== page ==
Nikki Lane made a name for herself as one of country’s female outlaws with her first two albums Walk of Shame (2011) and All or Nothin’ (2014). On her latest LP Highway Queen, out last Friday, she dials down the casual grit and turns up the refined rebellion. Lane offers a well-executed, diverse collection of songs – all threaded with rocking guitar – and proves her alt-country chops with sassy kiss-offs and soulful serenades alike.
Lane teamed up with boyfriend and fellow artist Jonathan Tyler to produce Highway Queen, which was largely written while touring to support her second album. The tracks boast smart, tight lyrics dusted with a layer of road-acquired dirt. She covers highs and lows, from failed relationships to joyful moments and even a gambling victory or two.
The album opens with a rowdy ode to life on the road, with the rough-and-tough lead track “700,000 Rednecks” followed by the pounding, strong-willed title track. “Highway Queen” is a rolling blacktop anthem with an empowering chorus (“You can tie her down, you can bottle lightning / But the highway queen don’t need no king“) and a spectacular second-act guitar solo. The obvious jam “Jackpot” is a not-so-subtle proclamation of love, with its celebratory chorus: “Viva Las Vegas, Atlantic City rendezvous / Weekend in Reno, late night casino / I’ll go anywhere with you.”
Lane dives deeper with the ominous “Lay You Down” and the angry, no-excuses message of “Big Mouth,” followed by the self-reprimanding chorus of “Foolish Heart.” The production remains interesting (and never overdone) throughout, with gritty guitar and layer percussion that accent Lane’s unique vocal style. “Send the Sun” is one of the lighter moments in the group, showcasing sweet sentiments (“I’m gonna send the sun your way / Wake you up with a dawn full of golden rays, ’cause I want you around / Don’t let the darkness get you down), followed by the deeper, soulful “Muddy Waters.”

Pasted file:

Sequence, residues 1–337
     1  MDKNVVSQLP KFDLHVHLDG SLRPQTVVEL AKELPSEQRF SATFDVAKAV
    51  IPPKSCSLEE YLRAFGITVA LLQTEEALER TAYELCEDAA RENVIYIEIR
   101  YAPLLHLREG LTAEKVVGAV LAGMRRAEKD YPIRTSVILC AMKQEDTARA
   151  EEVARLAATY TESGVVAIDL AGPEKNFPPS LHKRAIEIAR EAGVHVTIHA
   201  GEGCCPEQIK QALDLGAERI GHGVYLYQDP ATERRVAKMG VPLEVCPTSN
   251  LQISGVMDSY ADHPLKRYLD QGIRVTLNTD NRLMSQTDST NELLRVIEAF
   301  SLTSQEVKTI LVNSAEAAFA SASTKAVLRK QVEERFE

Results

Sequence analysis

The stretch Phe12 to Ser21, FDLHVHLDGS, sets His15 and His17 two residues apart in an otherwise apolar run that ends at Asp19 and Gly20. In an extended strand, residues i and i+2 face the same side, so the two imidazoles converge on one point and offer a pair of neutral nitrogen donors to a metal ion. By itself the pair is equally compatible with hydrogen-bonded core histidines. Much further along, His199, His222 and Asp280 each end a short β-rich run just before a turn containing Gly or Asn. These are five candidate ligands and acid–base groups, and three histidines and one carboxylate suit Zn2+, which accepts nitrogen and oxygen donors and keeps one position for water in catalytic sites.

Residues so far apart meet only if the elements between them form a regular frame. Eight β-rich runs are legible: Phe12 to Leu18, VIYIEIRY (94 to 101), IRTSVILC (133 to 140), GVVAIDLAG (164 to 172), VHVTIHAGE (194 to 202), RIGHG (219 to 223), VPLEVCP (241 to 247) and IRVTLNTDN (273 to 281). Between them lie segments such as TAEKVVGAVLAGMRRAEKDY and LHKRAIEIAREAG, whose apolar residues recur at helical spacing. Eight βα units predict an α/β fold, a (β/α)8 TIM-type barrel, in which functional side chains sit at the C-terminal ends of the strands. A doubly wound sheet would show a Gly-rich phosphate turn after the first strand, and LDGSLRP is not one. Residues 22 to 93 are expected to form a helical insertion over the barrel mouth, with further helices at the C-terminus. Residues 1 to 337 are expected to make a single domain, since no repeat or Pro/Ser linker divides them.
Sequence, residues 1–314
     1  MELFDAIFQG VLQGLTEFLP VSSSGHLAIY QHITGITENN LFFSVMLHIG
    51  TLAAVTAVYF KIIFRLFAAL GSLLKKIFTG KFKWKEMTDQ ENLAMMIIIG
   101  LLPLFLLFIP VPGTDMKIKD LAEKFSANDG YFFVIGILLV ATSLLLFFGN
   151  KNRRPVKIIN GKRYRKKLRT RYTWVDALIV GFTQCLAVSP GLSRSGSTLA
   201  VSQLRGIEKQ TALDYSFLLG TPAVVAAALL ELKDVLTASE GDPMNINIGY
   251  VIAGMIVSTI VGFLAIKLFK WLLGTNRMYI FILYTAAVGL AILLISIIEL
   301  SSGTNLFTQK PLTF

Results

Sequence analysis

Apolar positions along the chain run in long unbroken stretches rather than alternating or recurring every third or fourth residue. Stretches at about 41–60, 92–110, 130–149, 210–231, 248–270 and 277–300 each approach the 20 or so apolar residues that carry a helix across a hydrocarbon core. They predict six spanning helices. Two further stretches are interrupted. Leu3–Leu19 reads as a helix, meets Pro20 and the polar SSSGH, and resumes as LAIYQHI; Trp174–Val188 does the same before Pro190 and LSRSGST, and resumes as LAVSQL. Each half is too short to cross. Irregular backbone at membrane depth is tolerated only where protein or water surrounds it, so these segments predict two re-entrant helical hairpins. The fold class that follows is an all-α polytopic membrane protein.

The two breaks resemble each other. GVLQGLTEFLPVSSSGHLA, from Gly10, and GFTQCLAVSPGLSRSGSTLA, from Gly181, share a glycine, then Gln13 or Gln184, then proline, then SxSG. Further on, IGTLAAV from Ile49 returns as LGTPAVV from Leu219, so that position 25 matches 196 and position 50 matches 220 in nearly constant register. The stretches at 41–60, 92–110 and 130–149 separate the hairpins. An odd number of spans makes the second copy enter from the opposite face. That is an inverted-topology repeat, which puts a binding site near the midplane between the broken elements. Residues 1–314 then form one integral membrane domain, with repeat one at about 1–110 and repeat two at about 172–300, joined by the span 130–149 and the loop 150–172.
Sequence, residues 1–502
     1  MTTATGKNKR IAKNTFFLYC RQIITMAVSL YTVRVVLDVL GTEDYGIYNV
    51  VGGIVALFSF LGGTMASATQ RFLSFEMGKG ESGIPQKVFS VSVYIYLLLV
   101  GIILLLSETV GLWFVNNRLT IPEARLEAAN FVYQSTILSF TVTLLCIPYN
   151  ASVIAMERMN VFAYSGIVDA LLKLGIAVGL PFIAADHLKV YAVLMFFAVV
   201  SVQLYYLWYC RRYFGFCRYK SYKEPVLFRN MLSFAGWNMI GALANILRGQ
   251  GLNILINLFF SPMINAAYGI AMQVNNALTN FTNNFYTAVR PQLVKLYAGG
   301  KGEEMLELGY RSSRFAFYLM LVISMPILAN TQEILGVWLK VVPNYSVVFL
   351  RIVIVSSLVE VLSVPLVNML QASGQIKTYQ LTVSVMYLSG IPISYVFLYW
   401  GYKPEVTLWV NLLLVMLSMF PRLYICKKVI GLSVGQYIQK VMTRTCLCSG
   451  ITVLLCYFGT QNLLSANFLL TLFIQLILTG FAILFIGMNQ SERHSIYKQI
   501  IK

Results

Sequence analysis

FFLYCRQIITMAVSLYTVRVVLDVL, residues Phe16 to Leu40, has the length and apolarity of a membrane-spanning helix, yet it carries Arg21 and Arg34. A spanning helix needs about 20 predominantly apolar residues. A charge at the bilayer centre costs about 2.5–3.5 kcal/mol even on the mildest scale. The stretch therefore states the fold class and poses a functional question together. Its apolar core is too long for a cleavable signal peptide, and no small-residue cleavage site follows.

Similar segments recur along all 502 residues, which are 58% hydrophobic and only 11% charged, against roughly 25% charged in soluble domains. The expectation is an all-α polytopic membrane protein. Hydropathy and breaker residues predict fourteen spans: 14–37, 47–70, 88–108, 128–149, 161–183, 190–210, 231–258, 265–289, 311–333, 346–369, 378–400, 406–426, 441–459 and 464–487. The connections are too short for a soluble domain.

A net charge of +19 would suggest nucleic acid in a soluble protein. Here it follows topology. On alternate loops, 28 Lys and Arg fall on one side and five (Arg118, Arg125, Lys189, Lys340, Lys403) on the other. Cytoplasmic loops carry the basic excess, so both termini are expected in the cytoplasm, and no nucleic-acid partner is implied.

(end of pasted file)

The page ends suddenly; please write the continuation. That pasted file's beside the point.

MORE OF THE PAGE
The album as a whole is both exploratory and self-aware, with Lane inviting her listeners to work through her own inevitably personal emotions in a relatable, empathetic manner. Highway Queen mixes haunting lyrics about broken vows and vanished wedding rings (“Forever Lasts Forever”) with clap-worthy beats and rousing riffs (“Jackpot”), and yet Lane’s edgy artistic perspective remains evident throughout the album, which is more than worthy of a road trip jam session or two.
The Shotgun Seat Must-Listens:
- Highway Queen
- Send the Sun
- Muddy Waters
Catch Lane on the “Highway Queen” Tour this spring.